Michael Koretzky of Florida Atlantic University conducted my second session of the day, and he was by far the most engaging speaker I’ve seen so far. I walked in and he had a slideshow playing of funny photos he’s taken of celebrities, set to upbeat rock music. His speech was really comical and visual, and he held the attention of everyone in the room. When people got the answers to his questions right, he gave them such valuable CDs as “Christmas with James Taylor and the Muppets.”
Koretzky said arts and entertainment editors and writers are often the most disrespected people in the newsroom, but it can be one of the most productive ways to a magazine job. He said while there are about 8,000 newspapers in the country, there are 19,000 magazines, so there are jobs out there. But like Benjy Hamm in my first session, he said students probably won’t start out at Newsweek or Rolling Stone but can start at smaller magazines they may not have heard of and work their way up. He also said no matter what they do, students should remember that they’re writing entertainment journalism, not just entertainment.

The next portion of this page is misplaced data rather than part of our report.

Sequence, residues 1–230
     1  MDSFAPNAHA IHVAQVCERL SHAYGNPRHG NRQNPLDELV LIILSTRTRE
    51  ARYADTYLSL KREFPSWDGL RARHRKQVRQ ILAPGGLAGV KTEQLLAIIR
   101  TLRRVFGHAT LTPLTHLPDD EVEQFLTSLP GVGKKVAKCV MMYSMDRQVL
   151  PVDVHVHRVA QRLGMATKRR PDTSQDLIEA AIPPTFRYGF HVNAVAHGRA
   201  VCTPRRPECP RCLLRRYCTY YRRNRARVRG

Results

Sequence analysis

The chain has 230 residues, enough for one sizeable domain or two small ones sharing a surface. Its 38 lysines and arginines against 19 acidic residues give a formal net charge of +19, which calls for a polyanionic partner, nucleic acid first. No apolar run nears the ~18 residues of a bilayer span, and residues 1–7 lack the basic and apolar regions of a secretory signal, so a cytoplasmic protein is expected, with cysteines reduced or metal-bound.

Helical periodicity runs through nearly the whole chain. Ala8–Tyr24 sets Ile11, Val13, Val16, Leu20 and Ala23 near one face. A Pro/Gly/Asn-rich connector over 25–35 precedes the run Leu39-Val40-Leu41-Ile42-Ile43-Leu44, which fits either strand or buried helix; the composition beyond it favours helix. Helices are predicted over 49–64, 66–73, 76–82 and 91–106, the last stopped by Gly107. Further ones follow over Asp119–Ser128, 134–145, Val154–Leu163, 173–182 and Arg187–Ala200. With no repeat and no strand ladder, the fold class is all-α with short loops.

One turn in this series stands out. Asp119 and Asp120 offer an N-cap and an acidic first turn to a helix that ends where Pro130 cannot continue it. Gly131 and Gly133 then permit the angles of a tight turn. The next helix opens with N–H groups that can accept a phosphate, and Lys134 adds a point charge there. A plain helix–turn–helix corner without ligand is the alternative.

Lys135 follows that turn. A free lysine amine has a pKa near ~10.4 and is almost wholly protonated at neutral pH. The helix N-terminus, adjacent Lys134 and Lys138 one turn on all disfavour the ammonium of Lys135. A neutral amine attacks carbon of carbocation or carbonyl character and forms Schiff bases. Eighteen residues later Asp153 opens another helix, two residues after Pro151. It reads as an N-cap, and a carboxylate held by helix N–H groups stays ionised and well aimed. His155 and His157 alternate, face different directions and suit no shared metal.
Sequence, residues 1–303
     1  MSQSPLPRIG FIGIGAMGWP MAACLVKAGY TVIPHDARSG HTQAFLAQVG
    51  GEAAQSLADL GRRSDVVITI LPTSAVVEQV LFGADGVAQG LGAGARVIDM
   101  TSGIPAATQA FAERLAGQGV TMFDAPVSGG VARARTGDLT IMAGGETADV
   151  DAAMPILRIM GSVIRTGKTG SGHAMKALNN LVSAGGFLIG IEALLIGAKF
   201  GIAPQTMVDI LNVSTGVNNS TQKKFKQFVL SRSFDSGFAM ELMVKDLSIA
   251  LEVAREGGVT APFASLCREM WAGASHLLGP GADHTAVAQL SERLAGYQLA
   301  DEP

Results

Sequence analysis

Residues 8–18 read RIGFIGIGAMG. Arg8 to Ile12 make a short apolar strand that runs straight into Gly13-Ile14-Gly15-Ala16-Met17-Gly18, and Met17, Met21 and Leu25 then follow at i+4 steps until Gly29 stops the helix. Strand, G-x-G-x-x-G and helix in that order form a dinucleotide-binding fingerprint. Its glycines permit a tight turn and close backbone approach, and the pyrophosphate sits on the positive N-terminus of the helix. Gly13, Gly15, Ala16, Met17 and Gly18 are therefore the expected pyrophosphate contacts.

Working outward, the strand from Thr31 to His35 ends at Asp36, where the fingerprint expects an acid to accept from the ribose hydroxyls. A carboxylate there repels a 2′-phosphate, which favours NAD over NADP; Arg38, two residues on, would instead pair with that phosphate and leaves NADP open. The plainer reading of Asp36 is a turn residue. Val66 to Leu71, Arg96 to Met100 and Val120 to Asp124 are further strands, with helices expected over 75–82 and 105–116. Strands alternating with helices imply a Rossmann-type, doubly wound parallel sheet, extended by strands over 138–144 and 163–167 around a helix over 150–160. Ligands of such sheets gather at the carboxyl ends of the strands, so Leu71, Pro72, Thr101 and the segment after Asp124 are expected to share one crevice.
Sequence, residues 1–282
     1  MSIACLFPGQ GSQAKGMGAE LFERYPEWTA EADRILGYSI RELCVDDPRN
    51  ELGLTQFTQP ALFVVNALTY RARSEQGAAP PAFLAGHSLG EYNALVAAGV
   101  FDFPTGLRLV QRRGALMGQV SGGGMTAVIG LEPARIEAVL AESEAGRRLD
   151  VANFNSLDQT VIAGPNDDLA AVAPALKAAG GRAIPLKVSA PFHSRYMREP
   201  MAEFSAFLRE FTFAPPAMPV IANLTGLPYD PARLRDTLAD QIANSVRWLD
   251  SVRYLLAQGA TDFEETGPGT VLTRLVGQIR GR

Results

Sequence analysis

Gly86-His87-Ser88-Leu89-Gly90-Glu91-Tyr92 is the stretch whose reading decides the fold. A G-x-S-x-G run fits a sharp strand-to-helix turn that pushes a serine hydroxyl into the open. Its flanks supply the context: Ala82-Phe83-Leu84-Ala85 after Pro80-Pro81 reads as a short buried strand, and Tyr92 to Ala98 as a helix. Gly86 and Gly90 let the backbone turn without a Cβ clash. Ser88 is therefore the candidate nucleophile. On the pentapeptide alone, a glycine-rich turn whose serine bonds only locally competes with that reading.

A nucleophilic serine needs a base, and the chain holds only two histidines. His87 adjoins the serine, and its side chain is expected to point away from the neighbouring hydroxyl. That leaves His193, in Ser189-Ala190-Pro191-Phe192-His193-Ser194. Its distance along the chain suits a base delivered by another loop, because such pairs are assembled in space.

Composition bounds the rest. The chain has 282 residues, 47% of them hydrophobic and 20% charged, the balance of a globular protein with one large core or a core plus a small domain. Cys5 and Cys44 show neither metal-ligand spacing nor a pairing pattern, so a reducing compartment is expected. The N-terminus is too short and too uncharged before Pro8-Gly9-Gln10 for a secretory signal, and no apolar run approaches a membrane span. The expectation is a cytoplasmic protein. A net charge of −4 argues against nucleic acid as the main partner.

He said the best entertainment stories involve collaboration between the writer, the photographer and the designer, and that entertainment writers should always be creative with their stories rather than sticking to a prescribed formula. He gave me a lot of ideas about new angles to look for in A&E stories that would really spice up the section. This was definitely my most enjoyable session and one of the most helpful.